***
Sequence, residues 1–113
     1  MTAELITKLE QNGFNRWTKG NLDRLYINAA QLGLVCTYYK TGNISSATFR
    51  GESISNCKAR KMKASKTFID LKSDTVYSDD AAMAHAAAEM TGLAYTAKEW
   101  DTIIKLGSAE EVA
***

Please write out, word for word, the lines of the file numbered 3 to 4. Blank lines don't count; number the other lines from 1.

    51  GESISNCKAR KMKASKTFID LKSDTVYSDD AAMAHAAAEM TGLAYTAKEW
   101  DTIIKLGSAE EVA